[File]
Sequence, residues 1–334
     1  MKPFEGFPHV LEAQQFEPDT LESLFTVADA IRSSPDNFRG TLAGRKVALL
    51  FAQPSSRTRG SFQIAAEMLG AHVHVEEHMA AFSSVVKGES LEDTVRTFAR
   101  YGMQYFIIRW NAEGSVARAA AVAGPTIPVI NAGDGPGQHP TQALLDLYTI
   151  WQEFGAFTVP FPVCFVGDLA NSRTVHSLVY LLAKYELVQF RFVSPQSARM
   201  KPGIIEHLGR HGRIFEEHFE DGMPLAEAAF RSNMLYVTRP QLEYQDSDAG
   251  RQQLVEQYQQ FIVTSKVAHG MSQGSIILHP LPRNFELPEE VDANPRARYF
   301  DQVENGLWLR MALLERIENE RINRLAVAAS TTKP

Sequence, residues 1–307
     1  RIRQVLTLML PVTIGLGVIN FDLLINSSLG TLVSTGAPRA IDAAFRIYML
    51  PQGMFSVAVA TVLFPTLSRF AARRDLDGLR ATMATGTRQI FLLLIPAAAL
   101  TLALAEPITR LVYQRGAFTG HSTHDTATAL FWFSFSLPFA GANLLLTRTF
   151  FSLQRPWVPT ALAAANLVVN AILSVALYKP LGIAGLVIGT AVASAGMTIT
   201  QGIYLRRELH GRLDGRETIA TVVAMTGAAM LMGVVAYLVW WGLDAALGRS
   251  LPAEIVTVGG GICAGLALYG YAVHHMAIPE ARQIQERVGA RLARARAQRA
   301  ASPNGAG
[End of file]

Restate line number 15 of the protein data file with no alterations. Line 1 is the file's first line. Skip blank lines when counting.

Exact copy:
   251  LPAEIVTVGG GICAGLALYG YAVHHMAIPE ARQIQERVGA RLARARAQRA